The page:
What the Kids Are Reading
Engaging with the new generation and its media consumption
I’m Paul Musgrave, a political scientist and writer. This is Systematic Hatreds, my newsletter about politics and the study of politics. The newsletter takes its title from a line in The Education of Henry Adams:
Politics, as a practice, whatever its professions, had always been the systematic organization of hatreds.
This week, we’re talking about teaching politics to the post-legacy media generation.
What the Kids Are Reading
When I was young in the provinces, a while ago, the News came from a handful of sources: local newspapers, television, and radio; the broadcast networks; newsmagazines; and CNN. In middle and high school, it was easy to be au courant with middlebrow news: if you watched the nightly news broadcasts and read Time, or even US News, you were keeping up pretty well. Higher-class types listened to NPR, watched PBS, and read major national newspapers (the Wall Street Journal had good circulation, but it was an occasion when the New York Times started Sunday service). Lower-class types … well, they still got the news, but radio played a much bigger role, relative to other sources.
It should be no surprise that this era has vanished. We all more or less take that for granted. In the 1990s, even well into the 2000s, the question of who would be a national news anchor was the subject of major discussion; nowadays, I couldn’t name any of the big three’s anchors. The Times is now a global brand, and the Post dominant nationally in a way that it never was before, but your local newspaper probably has about a third (or fewer) of the newsroom employees it had in the 1990s, if it still exists.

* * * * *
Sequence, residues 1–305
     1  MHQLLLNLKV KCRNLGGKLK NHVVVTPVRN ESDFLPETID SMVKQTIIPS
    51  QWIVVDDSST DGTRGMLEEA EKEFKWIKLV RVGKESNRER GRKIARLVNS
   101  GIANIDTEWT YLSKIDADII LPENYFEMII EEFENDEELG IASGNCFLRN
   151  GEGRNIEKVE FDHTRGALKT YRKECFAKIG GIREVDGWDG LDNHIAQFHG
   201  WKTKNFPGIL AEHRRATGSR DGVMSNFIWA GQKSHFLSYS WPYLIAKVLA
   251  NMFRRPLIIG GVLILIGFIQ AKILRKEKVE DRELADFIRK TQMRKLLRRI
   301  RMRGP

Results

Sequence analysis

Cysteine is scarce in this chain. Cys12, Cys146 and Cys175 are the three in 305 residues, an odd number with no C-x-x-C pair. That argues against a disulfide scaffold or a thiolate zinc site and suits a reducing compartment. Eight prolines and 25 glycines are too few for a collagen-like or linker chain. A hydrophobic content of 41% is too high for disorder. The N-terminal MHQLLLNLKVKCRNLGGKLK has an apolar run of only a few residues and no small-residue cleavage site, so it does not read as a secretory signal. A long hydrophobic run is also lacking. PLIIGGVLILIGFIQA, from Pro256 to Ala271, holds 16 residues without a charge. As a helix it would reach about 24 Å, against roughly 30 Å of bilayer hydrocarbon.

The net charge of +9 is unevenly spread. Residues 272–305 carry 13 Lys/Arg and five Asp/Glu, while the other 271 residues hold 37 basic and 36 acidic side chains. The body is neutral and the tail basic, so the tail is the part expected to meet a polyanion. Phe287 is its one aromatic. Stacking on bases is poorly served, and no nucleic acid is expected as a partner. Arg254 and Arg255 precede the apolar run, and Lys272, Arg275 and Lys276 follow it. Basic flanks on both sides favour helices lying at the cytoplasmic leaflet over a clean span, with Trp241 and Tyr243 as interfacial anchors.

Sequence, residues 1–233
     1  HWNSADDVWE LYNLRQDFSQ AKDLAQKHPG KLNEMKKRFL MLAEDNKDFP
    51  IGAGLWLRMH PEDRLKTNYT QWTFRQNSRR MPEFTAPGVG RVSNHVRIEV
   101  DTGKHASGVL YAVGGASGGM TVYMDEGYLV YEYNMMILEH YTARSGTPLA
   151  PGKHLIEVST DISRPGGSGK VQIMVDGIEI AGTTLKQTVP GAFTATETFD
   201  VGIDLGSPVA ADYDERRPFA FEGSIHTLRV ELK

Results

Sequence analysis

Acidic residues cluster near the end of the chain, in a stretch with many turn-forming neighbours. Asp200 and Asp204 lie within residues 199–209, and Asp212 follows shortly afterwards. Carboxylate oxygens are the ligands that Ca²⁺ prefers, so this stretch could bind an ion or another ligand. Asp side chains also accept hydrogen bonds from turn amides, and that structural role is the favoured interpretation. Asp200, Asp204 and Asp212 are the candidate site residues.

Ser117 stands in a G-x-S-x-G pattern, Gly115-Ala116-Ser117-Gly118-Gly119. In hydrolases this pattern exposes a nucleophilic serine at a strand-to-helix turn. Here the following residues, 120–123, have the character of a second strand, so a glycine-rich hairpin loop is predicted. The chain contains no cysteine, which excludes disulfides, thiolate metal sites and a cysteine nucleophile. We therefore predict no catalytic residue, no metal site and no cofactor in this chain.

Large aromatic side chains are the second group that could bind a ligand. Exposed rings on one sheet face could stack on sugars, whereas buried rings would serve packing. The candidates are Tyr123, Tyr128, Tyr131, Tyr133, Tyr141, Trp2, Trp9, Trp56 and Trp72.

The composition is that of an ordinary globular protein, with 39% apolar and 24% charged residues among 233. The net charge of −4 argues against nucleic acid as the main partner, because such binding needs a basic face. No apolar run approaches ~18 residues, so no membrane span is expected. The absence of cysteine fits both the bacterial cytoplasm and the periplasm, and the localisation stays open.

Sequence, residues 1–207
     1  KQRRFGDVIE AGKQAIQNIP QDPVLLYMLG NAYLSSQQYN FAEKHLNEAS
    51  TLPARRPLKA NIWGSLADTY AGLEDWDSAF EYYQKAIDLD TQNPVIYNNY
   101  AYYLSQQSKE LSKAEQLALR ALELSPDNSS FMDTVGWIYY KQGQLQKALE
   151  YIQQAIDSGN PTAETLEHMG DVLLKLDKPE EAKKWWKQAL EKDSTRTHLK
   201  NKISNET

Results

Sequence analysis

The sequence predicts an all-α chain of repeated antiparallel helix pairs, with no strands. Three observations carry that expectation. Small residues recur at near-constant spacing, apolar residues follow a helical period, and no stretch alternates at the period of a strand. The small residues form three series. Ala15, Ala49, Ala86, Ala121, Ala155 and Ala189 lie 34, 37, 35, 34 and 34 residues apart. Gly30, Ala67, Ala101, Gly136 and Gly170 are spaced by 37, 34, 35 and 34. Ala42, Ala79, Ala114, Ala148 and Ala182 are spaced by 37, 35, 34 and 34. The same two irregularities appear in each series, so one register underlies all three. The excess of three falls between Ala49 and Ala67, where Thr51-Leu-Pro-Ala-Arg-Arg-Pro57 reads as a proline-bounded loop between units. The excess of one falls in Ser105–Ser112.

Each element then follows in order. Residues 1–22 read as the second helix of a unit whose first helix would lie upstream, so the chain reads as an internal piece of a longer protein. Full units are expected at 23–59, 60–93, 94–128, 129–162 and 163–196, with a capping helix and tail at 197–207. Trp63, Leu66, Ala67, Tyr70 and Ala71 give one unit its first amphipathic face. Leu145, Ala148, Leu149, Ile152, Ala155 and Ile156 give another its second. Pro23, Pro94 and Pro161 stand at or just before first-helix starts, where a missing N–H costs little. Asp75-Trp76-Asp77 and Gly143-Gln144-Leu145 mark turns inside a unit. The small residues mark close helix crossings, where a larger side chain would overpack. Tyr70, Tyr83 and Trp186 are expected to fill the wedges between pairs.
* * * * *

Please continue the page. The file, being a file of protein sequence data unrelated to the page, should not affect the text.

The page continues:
If you’re a typical adult, the story stops there. Things changed, and you changed with them. But at the top and bottom of the age distribution, things are different. For old adults, things never changed. For young adults, things were never the same.
And if you’re a professor, you have to exist in both worlds.
The idea that today’s college students are digital natives who can seamlessly navigate the online world is, well, doubtful. But even more dubious is the unthinking presumption a lot of faculty and institutions fall into of assuming that they were familiar with the now-vanished world of three broadcast networks and Time magazine.
The students are fluent in a different world that has nothing to do with the world that we olds were inducted into, and little to do with the digital world that we middle-olds inhabit. And it’s an open question about what world we should be helping students join—or whether we even know much about their world to begin with.
When I say the generations live in different worlds, I mean it seriously. Here’s a pair of graphs from recent polls showing two ways of measuring preferences for news sources by generation. Senior citizens live in a world of cable television and even print. Middles live in a world of transition. Yutes live in a post-TV, post-print world of digital sources.
I’ve told this story before, but it sticks with me. A few years ago, I was asked to give a talk about political communication to a group of senior citizens. The biggest reaction I got was when I mentioned offhand that I don’t subscribe to any print newspapers (still don’t!). I might as well have confessed to killing Natalie Wood.
“But how do you get news?” one asked. “I…have an iPhone?” I replied.
And it’s not like I’m alone. As Pew reports, newspaper circulation has plunged, with newspapers earning less now than when I was born. Newspaper employment has dropped by more than 60 percent since I graduated college.
But getting my news from a phone rather than a paper doesn’t make me a yute at all. As Pew also notes, use of social media varies dramatically by age group. Old people don’t use Snapchat; youths use it a lot. YouTube is popular for olds; it is ubiquitous for the young. Only Facebook—cringe as it is—has cross-generational appeal. (If anything, this data probably underestimates TikTok for the college demo.)